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The magnetic compass

The Chinese may have been aware of magnetism since the second millenium BC, since houses of the Shang dynasty are aligned with magnetic north, but the first mention in writing is from the fourth century BC:

'When the people of Cheng go out to collect jade, they carry a south-pointer with them so as not to lose their way.'
The Book of the Devil Valley Master, quoted by Robert Temple, The Genius of China, p.151

The earliest compass was a piece of naturally-magnetic lodestone. The idea of temporarily magnetising a needle by stroking it with a lodestone came later, and the induction of remanent (persistent) magnetism later again. Dr Joseph Needham reckoned that the use of the compass at sea probably started between 850 and 1050 AD, and mentioned that the French scholar Saussure, himself a keen sailor:

'... pointed out that the use of the compass in navigation depended to some extent upon metallurgical procedures for the production of steel. Soft iron does not retain its magnetism long, or show it strongly; for extended voyages magnetized needles of good steel would have been desirable. De Saussure considered that the Chinese narratives of deep-water sailing, which we have from the thirteenth century AD, such as the embassy to Cambodia, would not have been possible without steel needles... It may well be... that good steel needles were available to the Chinese several centuries before Europe had them... failing them, lodestones had to be carried on board every ship for remagnetization, as Bromehead has described, quoting from a book on navigation of 1597.'
Robert Temple, The Genius of China, p.150.

The induction of remanent magnetism in iron was described in 1044, with the magnetic 'fish' being distinguished from the south-pointing carriage, which was a non-magnetic mechanical device:

'When troops encountered gloomy weather or dark nights, and the directions of space could not be distinguished, they let an old horse go on before to lead them, or else they made use of the south-pointing carriage or the south-pointing fish to identify the directions. Now the carriage method has not been handed down, but in the fish method a thin leaf of iron is cut into the shape of a fish two inches long and half an inch broad, having a pointed head and tail. This is then heated in a charcoal fire, and when it has become thoroughly red-hot, it is taken out by the head with iron tongs and placed so that its tail points due north. In this position it is quenched with water in a basin, so that its tail is submerged for several tenths of an inch. It is then kept in a tightly closed box. To use it, a small bowl filled with water is set up in a windless place, and the fish is laid as flat as possible on the water surface so that it floats, whereupon its head will point south.'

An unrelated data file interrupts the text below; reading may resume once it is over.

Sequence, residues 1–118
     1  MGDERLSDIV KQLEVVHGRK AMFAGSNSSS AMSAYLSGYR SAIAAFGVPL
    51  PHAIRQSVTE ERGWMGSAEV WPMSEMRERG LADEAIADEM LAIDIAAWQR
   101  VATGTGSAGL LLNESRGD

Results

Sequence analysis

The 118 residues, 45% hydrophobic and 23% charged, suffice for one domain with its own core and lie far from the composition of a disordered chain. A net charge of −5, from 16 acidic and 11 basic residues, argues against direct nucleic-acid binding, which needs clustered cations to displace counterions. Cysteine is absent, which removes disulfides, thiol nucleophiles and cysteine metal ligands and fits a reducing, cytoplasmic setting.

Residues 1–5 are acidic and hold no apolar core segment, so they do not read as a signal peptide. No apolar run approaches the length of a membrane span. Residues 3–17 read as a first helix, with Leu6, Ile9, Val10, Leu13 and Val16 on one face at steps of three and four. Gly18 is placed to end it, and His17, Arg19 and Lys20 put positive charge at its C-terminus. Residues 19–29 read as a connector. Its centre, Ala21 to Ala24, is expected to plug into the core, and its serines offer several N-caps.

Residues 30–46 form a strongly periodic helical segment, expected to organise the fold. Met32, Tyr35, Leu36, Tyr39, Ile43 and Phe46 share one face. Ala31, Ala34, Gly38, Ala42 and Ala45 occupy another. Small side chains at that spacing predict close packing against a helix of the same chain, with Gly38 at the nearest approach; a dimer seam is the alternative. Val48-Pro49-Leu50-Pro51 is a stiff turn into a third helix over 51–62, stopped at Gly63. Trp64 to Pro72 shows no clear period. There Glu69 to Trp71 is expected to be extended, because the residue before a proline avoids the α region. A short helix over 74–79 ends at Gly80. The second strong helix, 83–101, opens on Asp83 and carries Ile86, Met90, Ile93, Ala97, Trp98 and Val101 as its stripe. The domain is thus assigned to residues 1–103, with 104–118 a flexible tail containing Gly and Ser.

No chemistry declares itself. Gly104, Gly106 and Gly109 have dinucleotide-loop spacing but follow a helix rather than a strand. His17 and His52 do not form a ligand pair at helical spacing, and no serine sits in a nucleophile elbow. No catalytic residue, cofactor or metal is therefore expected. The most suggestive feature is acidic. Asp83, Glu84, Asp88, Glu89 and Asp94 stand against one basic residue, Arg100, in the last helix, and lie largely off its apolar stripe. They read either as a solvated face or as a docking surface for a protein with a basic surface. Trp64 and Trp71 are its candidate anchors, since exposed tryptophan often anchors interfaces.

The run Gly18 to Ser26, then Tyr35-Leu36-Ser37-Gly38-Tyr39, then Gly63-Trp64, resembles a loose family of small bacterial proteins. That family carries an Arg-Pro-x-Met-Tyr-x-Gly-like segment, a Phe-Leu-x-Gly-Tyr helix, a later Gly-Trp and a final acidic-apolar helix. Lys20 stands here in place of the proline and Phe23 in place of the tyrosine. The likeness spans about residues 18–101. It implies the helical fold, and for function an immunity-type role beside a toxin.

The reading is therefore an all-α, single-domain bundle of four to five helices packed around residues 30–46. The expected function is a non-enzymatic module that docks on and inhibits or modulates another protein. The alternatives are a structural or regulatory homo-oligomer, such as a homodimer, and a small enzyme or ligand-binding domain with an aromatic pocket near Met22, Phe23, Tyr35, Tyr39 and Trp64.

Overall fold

Tseng Kung-Liang, Compendium of Important Military Techniques, 1044AD, quoted by Robert Temple, The Genius of China, p.155.

The tightly closed box is thought to have had a lodestone base. The practice of 'nourishing the needle' to strengthen its magnetism by additional contact with a lodestone has continued into modern times.

Magnetic deviation was recorded by the Chinese in the eighth or ninth century, according to Needham, and compass roses of the eleventh century certainly incorporate the necessary adjustments from magnetic to true north.